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On client side, i use dd/MM/yyyy date format. The field use a twitter bootstrap 3 datetime picker (

I enter via twitter bootstrap 3 datetime picker 24/07/2015
in my json i sent, i see: birthdate: “24/07/2015”

In my dto, i do

@JsonFormat(shape = JsonFormat.Shape.STRING, pattern = "dd/MM/yyyy")
private Date birthdate;

When i receive the date on the server, in my dto see: 23/07/2015 19:00

One day is lost.

Any explication?



  1. According to JacksonFAQDateHandling page:

    All time objects that have associated TimeZone (java.util.Calendar
    etc) that Jackson constructs use the standard timezone (GMT), not the
    local time zone (whatever that might be). That is: Jackson defaults to
    using GMT for all processing unless specifically told otherwise.

    In your case, it looks like the date is automatically being converted to GMT/UTC. Try to provide your local timezone explicitly to avoid UTC conversion [as mentioned in the question How come this time is off by 9 hours? (5 hours, 3 hours etc) on same page]:

    @JsonFormat(shape=JsonFormat.Shape.STRING, pattern="dd/MM/yyyy", timezone="EST")

    Secondly, I think you are using Date.toString() to print date. Note that java Date class is timezone independent but its toString() method uses the system’s default timezone before printing.

    Here it looks like 24/07/2015 00:00 UTC is being converted to 23/07/2015 19:00 EST by toString(). Both of these represent the same moment of time but in different timezones.

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  2. AimZ answer is what pointed me to this but I added these three lines to my file and achieved the same thing



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  3. Had the same issue. Using postman to verify that the client is not the culprit. Seems like an issue with the timezone Jackson is using vs the timezone of the system. Had to change the Jackson config to compensate for dates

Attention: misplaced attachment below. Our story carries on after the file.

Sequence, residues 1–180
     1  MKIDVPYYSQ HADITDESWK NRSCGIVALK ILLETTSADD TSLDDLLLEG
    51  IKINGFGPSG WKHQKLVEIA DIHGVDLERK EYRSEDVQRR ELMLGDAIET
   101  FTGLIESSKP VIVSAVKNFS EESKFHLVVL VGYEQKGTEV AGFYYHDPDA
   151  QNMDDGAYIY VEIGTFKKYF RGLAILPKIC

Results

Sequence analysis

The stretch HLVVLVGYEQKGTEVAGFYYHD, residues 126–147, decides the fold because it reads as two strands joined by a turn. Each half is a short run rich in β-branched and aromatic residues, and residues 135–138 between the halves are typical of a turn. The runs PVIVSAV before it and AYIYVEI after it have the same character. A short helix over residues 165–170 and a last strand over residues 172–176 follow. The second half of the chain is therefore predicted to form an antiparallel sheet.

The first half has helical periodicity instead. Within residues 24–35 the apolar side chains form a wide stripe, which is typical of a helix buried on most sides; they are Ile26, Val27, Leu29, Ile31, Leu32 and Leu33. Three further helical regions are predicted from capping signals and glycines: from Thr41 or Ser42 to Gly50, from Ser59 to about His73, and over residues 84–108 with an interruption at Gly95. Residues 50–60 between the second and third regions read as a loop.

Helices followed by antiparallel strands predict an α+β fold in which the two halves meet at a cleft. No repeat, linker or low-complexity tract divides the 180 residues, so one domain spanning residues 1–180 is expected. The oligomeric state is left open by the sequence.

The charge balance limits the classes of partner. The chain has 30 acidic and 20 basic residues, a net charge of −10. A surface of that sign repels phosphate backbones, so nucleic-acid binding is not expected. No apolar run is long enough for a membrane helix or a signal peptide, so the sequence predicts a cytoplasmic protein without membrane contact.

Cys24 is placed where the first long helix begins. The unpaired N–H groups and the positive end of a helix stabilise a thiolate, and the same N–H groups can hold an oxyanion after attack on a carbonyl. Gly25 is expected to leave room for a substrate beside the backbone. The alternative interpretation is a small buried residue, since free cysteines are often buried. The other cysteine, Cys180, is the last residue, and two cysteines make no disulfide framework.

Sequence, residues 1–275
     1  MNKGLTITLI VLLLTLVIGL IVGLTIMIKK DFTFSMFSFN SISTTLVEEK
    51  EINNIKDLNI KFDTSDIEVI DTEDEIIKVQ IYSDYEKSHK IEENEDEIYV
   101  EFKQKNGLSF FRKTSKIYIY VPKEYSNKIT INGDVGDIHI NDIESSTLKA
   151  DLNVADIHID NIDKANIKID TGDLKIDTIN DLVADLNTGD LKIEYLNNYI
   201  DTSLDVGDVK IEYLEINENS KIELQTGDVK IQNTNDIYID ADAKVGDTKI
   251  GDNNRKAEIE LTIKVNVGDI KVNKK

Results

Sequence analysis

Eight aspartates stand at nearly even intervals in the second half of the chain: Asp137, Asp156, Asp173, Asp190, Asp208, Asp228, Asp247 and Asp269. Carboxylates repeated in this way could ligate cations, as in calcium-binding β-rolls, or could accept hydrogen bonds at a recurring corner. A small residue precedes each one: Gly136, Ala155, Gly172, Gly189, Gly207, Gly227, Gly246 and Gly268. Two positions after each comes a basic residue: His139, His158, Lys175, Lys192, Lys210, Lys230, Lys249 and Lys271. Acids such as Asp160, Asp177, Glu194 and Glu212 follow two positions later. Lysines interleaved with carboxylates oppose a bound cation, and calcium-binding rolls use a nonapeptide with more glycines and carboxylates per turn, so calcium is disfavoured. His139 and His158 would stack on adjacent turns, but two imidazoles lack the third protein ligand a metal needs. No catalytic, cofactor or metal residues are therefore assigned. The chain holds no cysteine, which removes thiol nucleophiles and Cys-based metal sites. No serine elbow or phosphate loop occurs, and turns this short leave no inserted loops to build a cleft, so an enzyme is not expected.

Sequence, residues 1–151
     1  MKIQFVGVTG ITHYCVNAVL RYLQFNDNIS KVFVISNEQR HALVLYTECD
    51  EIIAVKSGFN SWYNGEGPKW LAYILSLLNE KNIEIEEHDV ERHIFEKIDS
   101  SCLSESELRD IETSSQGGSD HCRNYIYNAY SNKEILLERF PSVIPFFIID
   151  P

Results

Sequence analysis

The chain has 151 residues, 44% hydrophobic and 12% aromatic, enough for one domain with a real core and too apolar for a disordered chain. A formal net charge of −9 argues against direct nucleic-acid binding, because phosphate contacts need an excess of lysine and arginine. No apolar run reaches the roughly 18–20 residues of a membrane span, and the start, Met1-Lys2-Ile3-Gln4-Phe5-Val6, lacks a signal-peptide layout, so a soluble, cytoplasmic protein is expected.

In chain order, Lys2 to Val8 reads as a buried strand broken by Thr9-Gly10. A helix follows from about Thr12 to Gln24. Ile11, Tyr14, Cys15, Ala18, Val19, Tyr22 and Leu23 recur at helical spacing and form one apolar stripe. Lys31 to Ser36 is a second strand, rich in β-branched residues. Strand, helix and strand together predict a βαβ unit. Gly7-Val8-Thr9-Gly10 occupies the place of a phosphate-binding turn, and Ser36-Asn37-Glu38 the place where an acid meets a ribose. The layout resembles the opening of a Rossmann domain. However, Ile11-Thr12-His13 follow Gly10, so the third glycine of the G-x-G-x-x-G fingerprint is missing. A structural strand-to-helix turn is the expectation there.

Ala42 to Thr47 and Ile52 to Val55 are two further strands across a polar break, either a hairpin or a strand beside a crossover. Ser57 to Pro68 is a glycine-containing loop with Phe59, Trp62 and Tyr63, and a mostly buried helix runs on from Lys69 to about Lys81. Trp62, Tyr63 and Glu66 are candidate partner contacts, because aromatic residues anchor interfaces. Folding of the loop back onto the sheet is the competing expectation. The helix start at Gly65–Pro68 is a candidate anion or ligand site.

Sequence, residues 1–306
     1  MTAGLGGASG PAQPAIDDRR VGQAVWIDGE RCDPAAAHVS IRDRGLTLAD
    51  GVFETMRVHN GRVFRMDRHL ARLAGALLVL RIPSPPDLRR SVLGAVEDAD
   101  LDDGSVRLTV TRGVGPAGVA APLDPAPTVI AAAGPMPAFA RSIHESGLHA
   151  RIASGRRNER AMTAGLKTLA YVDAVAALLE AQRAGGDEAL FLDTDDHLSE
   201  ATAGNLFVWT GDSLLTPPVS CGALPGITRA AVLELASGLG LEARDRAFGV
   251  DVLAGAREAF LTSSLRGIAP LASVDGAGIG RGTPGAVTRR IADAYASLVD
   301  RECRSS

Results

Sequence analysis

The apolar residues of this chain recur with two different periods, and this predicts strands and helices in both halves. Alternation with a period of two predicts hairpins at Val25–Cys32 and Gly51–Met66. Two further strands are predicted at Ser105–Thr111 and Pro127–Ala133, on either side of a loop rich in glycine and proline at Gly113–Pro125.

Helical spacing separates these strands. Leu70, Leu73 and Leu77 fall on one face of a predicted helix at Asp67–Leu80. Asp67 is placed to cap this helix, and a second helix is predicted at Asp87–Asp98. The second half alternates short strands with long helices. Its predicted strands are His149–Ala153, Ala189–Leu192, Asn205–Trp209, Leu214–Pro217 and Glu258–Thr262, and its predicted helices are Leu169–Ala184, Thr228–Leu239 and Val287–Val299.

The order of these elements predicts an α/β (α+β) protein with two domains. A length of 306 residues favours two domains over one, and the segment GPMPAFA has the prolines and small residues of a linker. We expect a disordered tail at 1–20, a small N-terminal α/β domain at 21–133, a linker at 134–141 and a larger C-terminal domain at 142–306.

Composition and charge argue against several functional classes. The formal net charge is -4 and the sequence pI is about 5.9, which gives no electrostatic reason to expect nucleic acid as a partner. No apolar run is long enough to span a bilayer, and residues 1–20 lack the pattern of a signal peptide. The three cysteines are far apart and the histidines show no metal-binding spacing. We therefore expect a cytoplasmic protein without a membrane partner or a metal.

public class JacksonConfig {
        public Jackson2ObjectMapperBuilder jackson2ObjectMapperBuilder() {
            final Jackson2ObjectMapperBuilder jackson2ObjectMapperBuilder = new Jackson2ObjectMapperBuilder();
            return jackson2ObjectMapperBuilder;
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  4. I had the same issue in JavaScript when selecting dates from a datepicker. I formatted the fields using .toString() method but the function gave me a different date (I was messing a day as well). Like this:

    var mydate = new Date('2020-04-03');

    //Thu Apr 02 2020 20:00:00 GMT-0400 (Eastern Daylight Time)

    I fixed it ussing .toUTCString() instead.

    var mydate = new Date('2020-04-03');
    //Fri, 03 Apr 2020 00:00:00 GMT
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  5. I had the same issue in java. You can use ObjectMapper to set to default timezone

    ObjectMapper mapper = ((MappingJackson2HttpMessageConverter) converter).getObjectMapper();

    Solution here: Jackson @JsonFormat set date with one day less

    Full configuration class:

    public class WebMvcConfiguration implements WebMvcConfigurer {
    public void extendMessageConverters(List<HttpMessageConverter<?>> converters) {
        for (HttpMessageConverter converter : converters) {
            if (converter instanceof org.springframework.http.converter.json.MappingJackson2HttpMessageConverter) {
                ObjectMapper mapper = ((MappingJackson2HttpMessageConverter) converter).getObjectMapper();
                mapper.registerModule(new Hibernate5Module());
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  6. I faced this same problem this week. For us the problem was the Decoder that we were using.
    Our project is using feing and to decode our JSON we were using JacksonDecoder, so we changed to GsonDecoder, so problem solved.

    private fun servico(): IUsuarioServiceDeskClient {
        return Feign.builder()
            .options(Request.Options(240000, 240000))
            .target(, urlBase)
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